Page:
News / Asia

China's Cultural Revolution Played Part in Bo Xilai's Rise and Fall

Bo Xilai's Rise and Falli
X
August 16, 2013 3:19 PM
As former Chinese political star awaits trial for corruption and other charges, VOA's Bill Ide takes a closer look at how the country's tumultuous Cultural Revolution played a part in both his rapid rise and fall.

As former Chinese political star Bo Xilai awaits trial for corruption and other charges, VOA's Bill Ide takes a closer look at how the country's tumultuous Cultural Revolution played a part in both his rapid rise and fall.

William Ide
The struggles of Chinese politician Bo Xilai have captured international attention and become an embarrassment that authorities in China would like to move past quickly. As the former Chinese political star awaits trial for corruption and other charges, some analysts believe China's tumultuous Cultural Revolution played a part in both his rapid rise and fall.
 
When Bo Xilai was a teenager, China was in the grips of Mao Zedong's violent Cultural Revolution. A time of political struggle that turned children against parents, husbands against wives.
 
Bo and his father, a party elder, each spent years in prison and his mother died of unknown causes. Those experiences, however, did little to shake Bo’s respect for the man who unleashed the turmoil.

Zhang Ming, a political scientist at Beijing’s Renmin University, says Bo was similar to other descendants of influential officials, red princelings, they all have one shortcoming: they have all grown up with the wolves, they all have experienced psychologically this sense of political struggle and revolution.  Although Mao Zedong ruined their families, he says they still admire Mao.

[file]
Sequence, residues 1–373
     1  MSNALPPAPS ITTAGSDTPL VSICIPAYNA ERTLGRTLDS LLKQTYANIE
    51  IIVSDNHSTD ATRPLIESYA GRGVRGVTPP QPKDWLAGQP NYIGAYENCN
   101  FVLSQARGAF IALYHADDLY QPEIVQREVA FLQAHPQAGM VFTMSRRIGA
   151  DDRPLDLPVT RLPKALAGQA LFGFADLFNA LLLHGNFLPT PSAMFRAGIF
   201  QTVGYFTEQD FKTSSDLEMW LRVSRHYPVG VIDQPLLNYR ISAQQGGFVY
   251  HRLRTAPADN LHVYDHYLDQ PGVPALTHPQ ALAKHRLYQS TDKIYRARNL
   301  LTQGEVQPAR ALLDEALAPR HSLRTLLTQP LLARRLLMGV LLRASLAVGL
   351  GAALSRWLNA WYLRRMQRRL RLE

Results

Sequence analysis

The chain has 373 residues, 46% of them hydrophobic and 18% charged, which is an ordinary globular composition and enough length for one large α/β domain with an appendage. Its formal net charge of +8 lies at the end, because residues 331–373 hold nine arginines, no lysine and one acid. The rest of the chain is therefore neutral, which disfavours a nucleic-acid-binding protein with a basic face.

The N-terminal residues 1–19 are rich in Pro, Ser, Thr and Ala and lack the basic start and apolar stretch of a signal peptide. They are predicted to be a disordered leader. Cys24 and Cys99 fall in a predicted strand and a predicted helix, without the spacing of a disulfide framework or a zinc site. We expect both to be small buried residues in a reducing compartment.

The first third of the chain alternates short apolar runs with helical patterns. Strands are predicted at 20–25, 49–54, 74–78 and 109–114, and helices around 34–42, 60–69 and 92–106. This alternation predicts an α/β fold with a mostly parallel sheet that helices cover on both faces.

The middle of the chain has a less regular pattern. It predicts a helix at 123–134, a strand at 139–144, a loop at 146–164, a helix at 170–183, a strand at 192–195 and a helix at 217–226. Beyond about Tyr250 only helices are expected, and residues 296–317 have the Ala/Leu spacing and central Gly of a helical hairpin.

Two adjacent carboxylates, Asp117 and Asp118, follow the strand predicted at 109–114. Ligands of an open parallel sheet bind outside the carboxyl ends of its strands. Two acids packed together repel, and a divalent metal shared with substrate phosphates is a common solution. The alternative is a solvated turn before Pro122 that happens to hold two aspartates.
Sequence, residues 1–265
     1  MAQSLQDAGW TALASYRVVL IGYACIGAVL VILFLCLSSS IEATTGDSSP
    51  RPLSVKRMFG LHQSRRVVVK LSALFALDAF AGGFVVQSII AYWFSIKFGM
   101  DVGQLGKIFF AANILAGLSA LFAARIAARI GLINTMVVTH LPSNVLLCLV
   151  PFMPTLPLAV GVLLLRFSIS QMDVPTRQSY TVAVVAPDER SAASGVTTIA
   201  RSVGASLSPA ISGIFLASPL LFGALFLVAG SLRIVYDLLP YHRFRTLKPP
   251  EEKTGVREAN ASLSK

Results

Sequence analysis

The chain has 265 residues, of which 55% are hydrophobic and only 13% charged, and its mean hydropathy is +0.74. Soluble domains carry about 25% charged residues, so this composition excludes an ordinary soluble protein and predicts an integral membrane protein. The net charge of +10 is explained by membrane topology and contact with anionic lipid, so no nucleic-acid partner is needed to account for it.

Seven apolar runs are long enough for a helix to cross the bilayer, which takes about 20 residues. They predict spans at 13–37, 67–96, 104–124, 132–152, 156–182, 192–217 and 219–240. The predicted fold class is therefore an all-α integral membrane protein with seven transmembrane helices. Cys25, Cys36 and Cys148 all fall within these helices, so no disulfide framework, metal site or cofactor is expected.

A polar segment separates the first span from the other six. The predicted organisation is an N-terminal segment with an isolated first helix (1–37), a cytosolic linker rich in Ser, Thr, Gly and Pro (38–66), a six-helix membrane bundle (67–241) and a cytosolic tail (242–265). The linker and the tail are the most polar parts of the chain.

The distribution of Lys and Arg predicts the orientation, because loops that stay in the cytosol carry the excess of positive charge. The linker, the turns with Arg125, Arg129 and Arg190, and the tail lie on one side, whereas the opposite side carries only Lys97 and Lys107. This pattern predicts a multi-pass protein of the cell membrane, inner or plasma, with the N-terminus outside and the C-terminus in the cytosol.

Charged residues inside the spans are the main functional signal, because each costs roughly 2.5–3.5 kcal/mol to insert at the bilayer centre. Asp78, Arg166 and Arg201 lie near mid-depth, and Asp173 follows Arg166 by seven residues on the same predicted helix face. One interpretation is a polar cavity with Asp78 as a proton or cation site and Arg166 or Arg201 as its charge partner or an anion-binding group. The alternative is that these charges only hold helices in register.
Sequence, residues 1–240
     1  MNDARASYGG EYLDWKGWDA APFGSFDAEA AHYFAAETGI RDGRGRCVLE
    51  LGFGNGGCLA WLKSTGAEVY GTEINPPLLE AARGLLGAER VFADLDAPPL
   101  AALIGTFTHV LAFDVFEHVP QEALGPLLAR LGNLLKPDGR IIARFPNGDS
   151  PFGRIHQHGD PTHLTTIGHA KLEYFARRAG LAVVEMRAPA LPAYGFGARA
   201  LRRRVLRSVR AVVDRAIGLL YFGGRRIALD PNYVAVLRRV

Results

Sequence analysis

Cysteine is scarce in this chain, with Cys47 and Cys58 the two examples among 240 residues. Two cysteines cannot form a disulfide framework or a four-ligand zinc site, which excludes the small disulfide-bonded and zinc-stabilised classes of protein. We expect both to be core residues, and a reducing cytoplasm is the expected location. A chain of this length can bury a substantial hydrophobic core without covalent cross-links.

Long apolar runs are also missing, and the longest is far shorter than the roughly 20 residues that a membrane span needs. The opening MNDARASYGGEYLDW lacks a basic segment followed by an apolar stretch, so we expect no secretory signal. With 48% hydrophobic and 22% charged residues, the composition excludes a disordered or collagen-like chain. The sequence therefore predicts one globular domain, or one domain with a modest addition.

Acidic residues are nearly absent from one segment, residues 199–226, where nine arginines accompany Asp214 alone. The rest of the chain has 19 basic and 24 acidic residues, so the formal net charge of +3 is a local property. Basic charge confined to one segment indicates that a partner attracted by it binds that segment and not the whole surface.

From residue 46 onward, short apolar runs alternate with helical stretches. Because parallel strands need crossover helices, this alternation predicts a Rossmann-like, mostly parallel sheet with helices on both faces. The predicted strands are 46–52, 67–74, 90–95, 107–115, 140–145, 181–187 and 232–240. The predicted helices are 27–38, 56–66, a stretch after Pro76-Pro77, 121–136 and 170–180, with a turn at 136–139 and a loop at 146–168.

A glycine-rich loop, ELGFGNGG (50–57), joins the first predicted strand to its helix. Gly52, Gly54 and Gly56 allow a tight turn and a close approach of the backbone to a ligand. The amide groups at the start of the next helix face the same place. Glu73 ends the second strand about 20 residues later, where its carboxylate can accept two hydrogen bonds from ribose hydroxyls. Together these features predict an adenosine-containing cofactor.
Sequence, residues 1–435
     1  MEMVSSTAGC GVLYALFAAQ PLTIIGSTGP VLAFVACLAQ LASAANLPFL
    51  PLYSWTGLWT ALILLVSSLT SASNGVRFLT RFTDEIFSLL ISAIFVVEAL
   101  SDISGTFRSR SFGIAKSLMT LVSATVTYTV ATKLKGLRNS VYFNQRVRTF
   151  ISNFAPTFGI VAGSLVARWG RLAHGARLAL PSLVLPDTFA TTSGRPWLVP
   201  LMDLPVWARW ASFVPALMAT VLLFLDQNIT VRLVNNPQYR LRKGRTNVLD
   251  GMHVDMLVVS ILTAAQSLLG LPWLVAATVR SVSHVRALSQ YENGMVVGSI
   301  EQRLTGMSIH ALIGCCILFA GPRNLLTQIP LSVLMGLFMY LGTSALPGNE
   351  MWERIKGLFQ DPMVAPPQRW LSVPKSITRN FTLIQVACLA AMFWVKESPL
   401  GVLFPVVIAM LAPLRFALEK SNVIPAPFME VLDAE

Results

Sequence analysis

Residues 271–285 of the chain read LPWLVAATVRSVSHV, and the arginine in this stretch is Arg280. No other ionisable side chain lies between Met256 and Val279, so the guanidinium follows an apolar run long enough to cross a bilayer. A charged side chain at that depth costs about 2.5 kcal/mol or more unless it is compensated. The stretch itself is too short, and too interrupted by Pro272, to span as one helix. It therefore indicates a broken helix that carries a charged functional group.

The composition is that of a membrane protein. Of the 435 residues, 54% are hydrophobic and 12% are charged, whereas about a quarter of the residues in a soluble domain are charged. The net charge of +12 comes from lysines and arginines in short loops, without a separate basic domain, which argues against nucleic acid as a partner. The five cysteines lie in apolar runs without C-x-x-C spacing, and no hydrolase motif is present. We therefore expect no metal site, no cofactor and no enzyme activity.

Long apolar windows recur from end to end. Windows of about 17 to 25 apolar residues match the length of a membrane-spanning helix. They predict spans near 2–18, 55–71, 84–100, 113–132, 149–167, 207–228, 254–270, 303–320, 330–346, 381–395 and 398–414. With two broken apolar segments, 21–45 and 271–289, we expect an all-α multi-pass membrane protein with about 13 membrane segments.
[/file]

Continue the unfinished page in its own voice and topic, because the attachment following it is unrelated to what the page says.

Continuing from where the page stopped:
But as much as Bo was an admirer of Mao, he also worshiped Western culture, Zhang added.
 
"Mao did not have anything to do with the West, when looking at Mao you cannot find any Western feature, but Bo Xilai himself really worshipped western culture and, in fact, he was able to take these two elements, Mao and westernization, and combine them really well, according to Zhang."
 
Bo was the son of one of China’s prominent Communist Party elders, Bo Yibo. And as a princeling, as son’s and daughters of ranking officials are called in China, his father helped aid his rapid rise within the party and to government posts.
 
During his career, Bo served in key economic centers, including Dalian and lastly in the mega city of Chongqing. At one point he was China’s Commerce Minister and many analysts believe that before his fall he was likely to become one of China’s top leaders.
 
Analysts describe Bo as handsome, charismatic, imaginative and media savvy, but also as someone who grew more authoritarian as his career flourished.
 
Despite his family connections and career success, political analyst Cheng Li says few of Bo's counterparts in the United States liked him when he served as Commerce Minister.
 
They were not impressed by Bo Xilai, Li said.  They liked other leaders such as Wu Yi and certainly Wang Qishan, adding that they all received a lot of praise, but usually they found Bo Xilai was very egotistical, very blunt and ultra nationalistic.
 
When Bo became party secretary of the southern mega city Chongqing, the appointment was seen as a demotion. But using lessons from his experiences during the Cultural Revolution, he launched a crackdown on gangs and promoted the singing of revolutionary red songs.
 
When he realized that his political future ran into a wall, he turned to copy Mao's model, take advantage of the common folk's dissatisfaction or resentment of the status quo, said Chinese dissident Wei Jingsheng.  "I'm not sure he really felt that way, but at least he verbally said so and took action."
 
The results of his approach in Chongqing, however, had similarities with Mao's Cultural Revolution. However, unlike the Cultural Revolution where Mao’s leadership was uncontested, Bo’s was.